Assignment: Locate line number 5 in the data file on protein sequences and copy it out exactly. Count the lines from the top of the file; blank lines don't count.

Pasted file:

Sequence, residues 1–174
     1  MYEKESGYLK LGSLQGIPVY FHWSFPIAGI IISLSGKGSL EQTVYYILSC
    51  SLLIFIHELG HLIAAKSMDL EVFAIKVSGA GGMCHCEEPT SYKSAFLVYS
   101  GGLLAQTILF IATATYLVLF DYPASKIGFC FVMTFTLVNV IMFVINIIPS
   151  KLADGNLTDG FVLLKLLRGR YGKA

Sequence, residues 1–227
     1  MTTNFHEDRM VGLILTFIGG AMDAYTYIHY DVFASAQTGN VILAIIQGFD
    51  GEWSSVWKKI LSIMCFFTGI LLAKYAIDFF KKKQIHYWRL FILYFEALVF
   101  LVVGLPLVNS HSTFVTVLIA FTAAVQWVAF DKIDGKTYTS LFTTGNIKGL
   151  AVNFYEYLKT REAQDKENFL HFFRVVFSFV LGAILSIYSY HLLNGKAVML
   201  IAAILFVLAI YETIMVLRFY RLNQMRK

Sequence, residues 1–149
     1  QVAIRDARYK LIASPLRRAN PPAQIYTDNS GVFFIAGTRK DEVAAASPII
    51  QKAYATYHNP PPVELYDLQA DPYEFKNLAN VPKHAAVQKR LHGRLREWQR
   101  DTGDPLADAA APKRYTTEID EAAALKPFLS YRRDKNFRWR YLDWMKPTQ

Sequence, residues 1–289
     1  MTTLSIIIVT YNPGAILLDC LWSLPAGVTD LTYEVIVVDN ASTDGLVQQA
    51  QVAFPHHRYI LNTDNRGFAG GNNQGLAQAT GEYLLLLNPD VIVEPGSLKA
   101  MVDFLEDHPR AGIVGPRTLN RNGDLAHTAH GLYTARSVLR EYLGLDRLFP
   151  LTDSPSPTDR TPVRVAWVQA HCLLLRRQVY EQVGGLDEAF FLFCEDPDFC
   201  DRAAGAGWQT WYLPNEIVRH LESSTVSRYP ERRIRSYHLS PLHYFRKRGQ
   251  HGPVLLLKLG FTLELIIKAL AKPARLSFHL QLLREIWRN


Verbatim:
   151  KLADGNLTDG FVLLKLLRGR YGKA